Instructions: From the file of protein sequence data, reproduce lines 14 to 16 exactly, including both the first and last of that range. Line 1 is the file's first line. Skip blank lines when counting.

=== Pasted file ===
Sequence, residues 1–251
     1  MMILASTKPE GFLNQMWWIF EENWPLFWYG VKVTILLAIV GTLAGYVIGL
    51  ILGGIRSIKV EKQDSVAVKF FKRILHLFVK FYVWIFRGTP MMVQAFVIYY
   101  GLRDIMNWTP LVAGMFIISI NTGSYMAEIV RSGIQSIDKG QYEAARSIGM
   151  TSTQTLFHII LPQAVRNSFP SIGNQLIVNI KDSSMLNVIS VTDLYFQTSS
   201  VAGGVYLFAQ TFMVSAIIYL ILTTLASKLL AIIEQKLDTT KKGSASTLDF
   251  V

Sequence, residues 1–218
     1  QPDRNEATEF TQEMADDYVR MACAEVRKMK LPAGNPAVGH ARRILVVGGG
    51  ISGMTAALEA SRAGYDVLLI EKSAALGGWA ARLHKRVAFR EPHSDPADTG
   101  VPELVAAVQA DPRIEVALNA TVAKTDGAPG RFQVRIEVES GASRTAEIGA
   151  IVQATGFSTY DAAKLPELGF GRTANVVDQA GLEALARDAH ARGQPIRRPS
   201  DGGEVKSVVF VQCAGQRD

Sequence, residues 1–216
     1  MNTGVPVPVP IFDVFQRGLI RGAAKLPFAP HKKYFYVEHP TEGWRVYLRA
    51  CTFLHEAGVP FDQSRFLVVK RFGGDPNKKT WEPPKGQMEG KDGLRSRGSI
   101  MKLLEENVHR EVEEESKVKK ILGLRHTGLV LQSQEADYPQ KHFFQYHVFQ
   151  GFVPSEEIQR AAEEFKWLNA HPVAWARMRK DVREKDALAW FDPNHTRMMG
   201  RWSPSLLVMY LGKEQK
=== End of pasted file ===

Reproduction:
Sequence, residues 1–216
     1  MNTGVPVPVP IFDVFQRGLI RGAAKLPFAP HKKYFYVEHP TEGWRVYLRA
    51  CTFLHEAGVP FDQSRFLVVK RFGGDPNKKT WEPPKGQMEG KDGLRSRGSI